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Will 2015 be Magic Year for Breast Cancer Vaccine?
Maybe we will have a breast cancer vaccine this year. Here’s why I think so:
Results of a small study published in Clinical Cancer Research have shown that a new breast cancer vaccine is safe to give to people.
The vaccine targets mammaglobin-A (MAM-A), a breast cancer-related antigen (a toxin or substance that causes an immune response in the body). In the study, the vaccine was given to 14 patients with stable metastatic breast cancer who had been off chemotherapy for at least 30 days. Analysis showed that, after they got the vaccine, the patients had significant increases in the number of immune cells targeting MAM-A, with no serious adverse side effects.
If further research goes well, the vacccine may ultimately serve as an effective treatment for early-stage breast cancer.
The research team was led by William Gillanders, MD, of the Washington University School of Medicine in St. Louis, Missouri. In a recent interview with Cancer Therapy Advisor, Dr. Gillanders shared his optimism about the study results. “We learned that targeting MAM-A is a safe and very promising therapy for breast cancer,” he told the publication. He also said that MAM-A is a “highly attractive target” because it is overexpressed (meaning there are many “copies” of the gene) in breast cancer but not in other tissues. According to Gillanders, recent studies suggest that between 60 percent and 70 percent of breast cancer tumors have the MAM-A antigen.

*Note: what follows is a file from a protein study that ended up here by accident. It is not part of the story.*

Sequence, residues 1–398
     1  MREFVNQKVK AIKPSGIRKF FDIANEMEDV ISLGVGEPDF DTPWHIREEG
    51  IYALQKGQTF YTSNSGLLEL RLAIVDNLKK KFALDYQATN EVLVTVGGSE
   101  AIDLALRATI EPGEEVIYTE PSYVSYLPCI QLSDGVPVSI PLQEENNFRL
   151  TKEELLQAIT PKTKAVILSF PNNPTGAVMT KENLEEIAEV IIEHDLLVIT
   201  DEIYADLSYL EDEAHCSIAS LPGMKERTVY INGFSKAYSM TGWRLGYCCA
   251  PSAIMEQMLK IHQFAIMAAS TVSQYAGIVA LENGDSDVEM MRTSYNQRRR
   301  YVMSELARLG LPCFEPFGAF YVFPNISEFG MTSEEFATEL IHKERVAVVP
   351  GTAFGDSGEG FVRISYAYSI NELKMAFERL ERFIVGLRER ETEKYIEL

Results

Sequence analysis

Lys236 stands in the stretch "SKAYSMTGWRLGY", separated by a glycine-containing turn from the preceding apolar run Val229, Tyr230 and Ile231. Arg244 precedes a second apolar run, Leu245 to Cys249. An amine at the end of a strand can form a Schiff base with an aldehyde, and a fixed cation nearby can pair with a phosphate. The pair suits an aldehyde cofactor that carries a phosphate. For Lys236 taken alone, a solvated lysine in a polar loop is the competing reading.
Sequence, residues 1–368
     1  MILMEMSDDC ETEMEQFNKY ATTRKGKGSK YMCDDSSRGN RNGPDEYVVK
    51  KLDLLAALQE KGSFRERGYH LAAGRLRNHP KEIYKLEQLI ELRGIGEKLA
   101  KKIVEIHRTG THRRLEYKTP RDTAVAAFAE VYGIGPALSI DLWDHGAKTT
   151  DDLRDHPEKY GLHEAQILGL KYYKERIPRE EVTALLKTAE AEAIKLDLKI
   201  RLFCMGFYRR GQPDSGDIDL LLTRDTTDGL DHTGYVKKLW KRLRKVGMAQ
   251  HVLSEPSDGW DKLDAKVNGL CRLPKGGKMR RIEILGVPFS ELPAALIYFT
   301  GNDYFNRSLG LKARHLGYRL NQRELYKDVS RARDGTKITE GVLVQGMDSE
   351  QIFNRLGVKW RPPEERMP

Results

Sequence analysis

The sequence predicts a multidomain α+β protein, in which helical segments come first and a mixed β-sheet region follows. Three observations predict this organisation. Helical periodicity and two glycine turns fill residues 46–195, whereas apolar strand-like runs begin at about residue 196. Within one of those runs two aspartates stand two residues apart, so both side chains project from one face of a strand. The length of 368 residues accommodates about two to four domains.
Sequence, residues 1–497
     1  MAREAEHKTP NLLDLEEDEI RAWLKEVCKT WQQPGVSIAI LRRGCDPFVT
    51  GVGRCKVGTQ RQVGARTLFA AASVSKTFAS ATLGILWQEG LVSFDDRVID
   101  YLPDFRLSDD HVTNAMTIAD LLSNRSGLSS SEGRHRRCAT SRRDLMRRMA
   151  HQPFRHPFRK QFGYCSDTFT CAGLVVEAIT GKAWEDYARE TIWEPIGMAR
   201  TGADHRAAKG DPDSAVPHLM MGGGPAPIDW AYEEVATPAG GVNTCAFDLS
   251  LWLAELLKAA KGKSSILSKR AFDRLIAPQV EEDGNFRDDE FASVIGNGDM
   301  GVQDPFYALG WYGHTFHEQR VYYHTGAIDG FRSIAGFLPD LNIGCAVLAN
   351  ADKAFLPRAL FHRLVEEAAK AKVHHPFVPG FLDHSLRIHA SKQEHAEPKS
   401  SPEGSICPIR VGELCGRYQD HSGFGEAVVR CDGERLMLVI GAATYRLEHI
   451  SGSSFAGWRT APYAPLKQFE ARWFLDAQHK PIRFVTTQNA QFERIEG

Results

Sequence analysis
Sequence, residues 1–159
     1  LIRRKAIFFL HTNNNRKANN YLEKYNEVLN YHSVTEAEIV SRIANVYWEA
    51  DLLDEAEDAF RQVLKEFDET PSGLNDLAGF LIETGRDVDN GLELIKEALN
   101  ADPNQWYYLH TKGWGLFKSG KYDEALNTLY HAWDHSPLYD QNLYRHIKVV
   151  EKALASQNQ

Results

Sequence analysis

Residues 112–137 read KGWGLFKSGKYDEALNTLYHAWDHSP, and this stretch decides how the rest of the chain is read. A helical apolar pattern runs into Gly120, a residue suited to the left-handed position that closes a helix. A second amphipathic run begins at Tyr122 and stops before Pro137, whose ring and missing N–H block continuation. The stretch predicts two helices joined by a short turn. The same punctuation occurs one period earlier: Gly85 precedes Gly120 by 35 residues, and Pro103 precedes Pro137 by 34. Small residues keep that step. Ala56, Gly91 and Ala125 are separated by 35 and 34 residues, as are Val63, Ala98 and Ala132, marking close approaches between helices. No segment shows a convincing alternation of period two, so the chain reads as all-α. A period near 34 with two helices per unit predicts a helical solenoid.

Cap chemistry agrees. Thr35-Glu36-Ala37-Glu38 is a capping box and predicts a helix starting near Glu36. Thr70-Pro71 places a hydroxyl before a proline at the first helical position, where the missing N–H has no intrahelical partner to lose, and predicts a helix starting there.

The next step in the research will be to give the vaccine to patients in the early stages of the disease because. Gillanders explained that “there is a growing realization that vaccine therapy is most effective in the earlier stages of cancer.” The trial will be unique in that patients will be given the vaccine before surgery so that researchers will be able to evaluate the immune response in tumor tissue samples taken during surgery.
The vaccine is not likely to have applications for other types of cancers, since MAM-A is found almost exclusively in breast cancer cells.
The obvious question is: To what extent will such a vaccine be helpful for women identified as high risk?
Wouldn’t it be fantastic if women with a known gene mutation such as BRCA 1 or 2 could get a cancer vaccine? I am as optimistic as Gillanders when he says, “Yes, the hope is that someday there will be a prevention vaccine.” In my mind, immunotherapy is the new therapeutic frontier. Until we have a vaccine, we must provide the most cutting-edge surgical, chemotherapeutic, and radiation techniques to cure the patient, while improving the patient experience throughout the treatment process.
Everyday Health, Janauary 23, 2015
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